It dawned on me why they wanted us to swallow such lies. One, because any plan to remove the friezes not only meant assigning a value to them, but keeping the controversy alive. And if the slabs were ever housed in some "museum" like teeth yanked from nature's face, they'd be a perpetual affront to the dammers' achievement. As a screenwriter, I began to wonder just how far they'd go....

But as a devoted conservator, I wondered how far I should go.... For I knew that if it weren't so noisy and there weren't the risk of being thrown in prison by these "protectors", I myself could have extracted the smaller sculptures without losing a crumb - and with nothing more than dedication and a rock hammer. By God, I thought, if the flooders don't save them, I hope the townspeople storm the valley!

- The Pilgrims -

And sure enough, at the next site, they seemed to be doing just that. The mountainous dirt road forked, meandered and even skirted an imposing castle,51 but several classes of children were making the long dusty pilgrimage on foot while carloads of adults in their Sunday best made the excursion to see the only engravings to have escaped the censors - either because the site at Penascosa was so far from Lima Montiero's spyglass or because the valley was gentler here and had always been farmed. If the guards hadn't been under strict orders not to sell admissions, they'd have made a killing; but then any financial association with the art is anathema to the dammers: the next thing they knew, they'd have a revolt on their hands!

A stag with huge antlers formed by scraping. Penascosa, Castelo Melhor.

Still, these guards were actually tame as the locals poured down to catch a glimpse of the animals through the fence. This time our escort gave us the same detailed explanations, but was more practiced. And like the first guard, when he realized that I had somehow gotten authorization despite my evident opposition to the reservoir, he let out his pent-up indignation - for we were insiders.

"Come with me," he summoned us, leaving his time-clock with his colleague and leading us out of the enclosure; "You see the summit of that big hill, that's how high the water will be; And over there - come, come - this is a Roman road," - and what a road! - still usable and entirely composed of megalithic slabs - "and here, look at this inscription, it's Phoenician; and here, see these carved chambers in the riverbed, they are the remains of a medieval mill. But upstream," we were already more than 6 kilometers from the dam site, "10 kilometers from here, at Faia, there are paintings of animals – not engravings - in granite, not slate, and the walls are so steep that only climbers have seen them. When the water rises, everything to Faia will be gone." The young man might as well have grabbed my arm and pleaded: "Please,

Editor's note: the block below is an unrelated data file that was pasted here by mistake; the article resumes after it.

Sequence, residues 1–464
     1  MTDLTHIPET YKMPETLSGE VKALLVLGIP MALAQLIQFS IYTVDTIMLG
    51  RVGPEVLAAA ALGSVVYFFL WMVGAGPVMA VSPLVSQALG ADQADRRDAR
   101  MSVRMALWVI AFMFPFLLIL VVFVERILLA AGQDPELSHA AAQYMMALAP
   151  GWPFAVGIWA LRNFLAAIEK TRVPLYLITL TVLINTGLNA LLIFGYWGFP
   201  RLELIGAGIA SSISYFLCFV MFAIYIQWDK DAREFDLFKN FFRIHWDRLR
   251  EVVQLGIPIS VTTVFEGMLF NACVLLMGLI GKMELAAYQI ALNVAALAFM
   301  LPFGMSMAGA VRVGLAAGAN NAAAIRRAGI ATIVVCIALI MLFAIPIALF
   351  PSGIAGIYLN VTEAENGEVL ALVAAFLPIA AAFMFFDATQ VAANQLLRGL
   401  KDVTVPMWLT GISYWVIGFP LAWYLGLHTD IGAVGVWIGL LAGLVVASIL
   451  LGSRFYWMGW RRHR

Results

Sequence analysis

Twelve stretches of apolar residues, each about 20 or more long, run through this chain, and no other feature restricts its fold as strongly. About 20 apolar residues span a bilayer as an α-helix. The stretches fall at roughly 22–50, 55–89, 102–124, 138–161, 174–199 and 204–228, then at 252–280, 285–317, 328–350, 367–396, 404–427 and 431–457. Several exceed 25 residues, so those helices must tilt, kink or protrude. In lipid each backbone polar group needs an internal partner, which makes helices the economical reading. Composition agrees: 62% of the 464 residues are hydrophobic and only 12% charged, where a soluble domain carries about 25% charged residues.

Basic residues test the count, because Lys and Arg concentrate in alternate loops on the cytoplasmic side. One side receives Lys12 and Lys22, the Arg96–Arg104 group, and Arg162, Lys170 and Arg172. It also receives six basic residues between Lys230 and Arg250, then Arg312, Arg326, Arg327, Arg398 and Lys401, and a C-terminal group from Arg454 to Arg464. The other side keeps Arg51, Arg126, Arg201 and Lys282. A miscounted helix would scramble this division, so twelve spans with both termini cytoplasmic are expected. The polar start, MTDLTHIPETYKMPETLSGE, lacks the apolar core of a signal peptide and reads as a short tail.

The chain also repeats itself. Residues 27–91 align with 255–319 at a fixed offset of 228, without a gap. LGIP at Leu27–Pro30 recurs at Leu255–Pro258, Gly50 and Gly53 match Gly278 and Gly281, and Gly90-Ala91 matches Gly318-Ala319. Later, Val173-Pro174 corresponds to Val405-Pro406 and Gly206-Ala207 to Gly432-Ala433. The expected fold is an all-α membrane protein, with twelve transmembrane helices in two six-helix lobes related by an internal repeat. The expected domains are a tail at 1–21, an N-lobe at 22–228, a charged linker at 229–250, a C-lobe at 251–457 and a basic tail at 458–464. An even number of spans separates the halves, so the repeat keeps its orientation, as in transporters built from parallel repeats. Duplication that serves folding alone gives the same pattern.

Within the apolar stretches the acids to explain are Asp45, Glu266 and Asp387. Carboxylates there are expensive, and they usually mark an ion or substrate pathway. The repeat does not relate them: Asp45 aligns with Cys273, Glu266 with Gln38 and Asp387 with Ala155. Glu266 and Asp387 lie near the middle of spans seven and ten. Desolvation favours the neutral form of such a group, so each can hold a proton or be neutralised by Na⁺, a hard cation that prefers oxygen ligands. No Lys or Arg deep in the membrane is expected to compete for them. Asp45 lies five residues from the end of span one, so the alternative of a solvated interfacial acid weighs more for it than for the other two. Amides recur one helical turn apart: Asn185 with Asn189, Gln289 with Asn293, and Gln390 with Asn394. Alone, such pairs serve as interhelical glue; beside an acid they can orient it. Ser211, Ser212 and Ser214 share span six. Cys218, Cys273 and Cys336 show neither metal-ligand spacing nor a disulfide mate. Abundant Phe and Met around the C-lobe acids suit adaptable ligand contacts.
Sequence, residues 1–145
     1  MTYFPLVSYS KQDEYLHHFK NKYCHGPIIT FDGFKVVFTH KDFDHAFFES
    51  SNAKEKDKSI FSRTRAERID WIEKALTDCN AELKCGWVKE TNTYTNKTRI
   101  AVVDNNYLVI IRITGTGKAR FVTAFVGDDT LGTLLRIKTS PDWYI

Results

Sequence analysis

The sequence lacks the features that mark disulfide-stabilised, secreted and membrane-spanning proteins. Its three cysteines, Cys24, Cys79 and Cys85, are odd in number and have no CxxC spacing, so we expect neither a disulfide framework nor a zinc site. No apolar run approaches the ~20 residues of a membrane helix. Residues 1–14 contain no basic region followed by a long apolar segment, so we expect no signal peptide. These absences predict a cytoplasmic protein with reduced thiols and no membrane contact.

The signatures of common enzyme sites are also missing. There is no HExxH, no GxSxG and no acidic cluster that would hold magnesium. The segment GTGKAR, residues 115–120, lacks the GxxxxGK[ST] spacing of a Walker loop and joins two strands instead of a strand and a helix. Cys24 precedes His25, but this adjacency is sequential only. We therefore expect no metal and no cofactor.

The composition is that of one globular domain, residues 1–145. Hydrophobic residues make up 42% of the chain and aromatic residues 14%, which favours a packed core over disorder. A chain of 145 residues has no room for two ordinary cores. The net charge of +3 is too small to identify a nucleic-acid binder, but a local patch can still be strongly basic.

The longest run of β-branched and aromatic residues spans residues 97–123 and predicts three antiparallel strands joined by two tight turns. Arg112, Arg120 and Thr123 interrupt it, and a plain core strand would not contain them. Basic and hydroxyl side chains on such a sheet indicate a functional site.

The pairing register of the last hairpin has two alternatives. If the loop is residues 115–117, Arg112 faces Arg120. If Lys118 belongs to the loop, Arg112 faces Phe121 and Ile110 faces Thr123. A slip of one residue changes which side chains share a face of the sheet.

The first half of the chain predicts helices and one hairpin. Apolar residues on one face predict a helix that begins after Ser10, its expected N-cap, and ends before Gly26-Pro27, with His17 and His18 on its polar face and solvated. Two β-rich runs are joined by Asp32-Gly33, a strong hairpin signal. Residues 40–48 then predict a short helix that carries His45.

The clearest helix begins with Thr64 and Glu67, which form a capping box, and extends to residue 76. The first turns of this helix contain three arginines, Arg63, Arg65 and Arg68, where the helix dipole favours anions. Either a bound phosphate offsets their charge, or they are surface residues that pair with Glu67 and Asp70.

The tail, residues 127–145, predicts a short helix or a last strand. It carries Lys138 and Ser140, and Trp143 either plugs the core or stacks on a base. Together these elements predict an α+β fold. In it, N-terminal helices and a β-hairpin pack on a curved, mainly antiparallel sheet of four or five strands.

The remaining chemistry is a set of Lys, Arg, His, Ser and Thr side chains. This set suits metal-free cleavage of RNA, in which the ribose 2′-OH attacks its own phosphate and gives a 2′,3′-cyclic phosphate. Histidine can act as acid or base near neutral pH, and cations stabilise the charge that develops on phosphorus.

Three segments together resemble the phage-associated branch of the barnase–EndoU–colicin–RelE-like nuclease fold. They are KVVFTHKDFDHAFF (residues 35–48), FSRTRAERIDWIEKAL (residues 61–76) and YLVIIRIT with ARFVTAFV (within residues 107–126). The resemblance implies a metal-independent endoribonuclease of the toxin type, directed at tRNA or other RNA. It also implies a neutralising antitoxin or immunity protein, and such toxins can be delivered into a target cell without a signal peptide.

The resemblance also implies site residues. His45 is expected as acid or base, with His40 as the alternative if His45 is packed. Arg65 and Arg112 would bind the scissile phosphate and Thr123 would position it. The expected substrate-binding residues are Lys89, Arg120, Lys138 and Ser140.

PLEASE, sound the alarm!"

After he'd hastened to take up his time-clock again, I wandered if there might not be even more testimonials of man's attraction to this classical Eden with its islets and fords in the flowery river, and browsed through a plowed orchard, along a contour which I judged would have been the valley floor half a million years ago. I hadn't passed the first olive tree when I happened upon a well-knapped hand-axe, and then another!  So this, our entire past, was the price of such "clean" power! I may be quixotic, but I’ll choose windmills over this destruction any day!


We knew the next dawn would be our last, so we broke camp in blue light to explore the teeming side-valley beyond the first auroch. According to Rebanda’s wall maps, something lay just around the first bend. As we passed the threshold between the deadened depths and virgin current with its billowing water-foliage, we had to skirt and climb over a sheer wall blocking the side-valley’s entrance. But then Piscos Brook ran between trees, pastures and cane-groves, with cliffs full of shelters and stone panels at each bend. There were so many warblers piping and whistling, there must have been a dozen species with overlapping territories. Goldfinches sparked into the air, a crested hoopoo flashed orange and black, and the shaggy canes were a tumult of avian chatter. At our feet, frogs skipped like pebbles and painted turtles rowed earnestly in tangled water blossoms - all for the taking. But we had no intention of disturbing any more beasts and scouted the first rocks. Nothing, nothing….

Then, telltale lines.... Bellies, rumps, backs, heads: horses nuzzling! The intertwined couple, spanning the length of a single real horse, was still necking in Eden after twenty millennia. With the flood rising up the slope their affection seemed so poignant. How dare the dammers condemn this couple? I despaired, unless enough of us care. Unless you and I and all of us together add our voices to those of the Portuguese citizenry trekking down for a last look, and reclaim what is OURS!

Not Portugal's - OURS - because this art is so old, despite its elegance, that we share the blood and genius of those distant ancestors who awoke to the universe, whether our cavalcade of ancestors migrated around the Old World or came across the Bering Straits 14,000 years ago. This art is ours, just as it is Rebanda's and Jorge's, so I implore you; please, take a moment now to lay your claim to your heritage and your genius and write your heart out to:

His Excellency, President Mario Soares

c/o Professor Vitor Oliveira Jorge

Instituto de Arqueologia

facultad de Letras

rua Campo Alegre 1055

4100 Porto, Portugal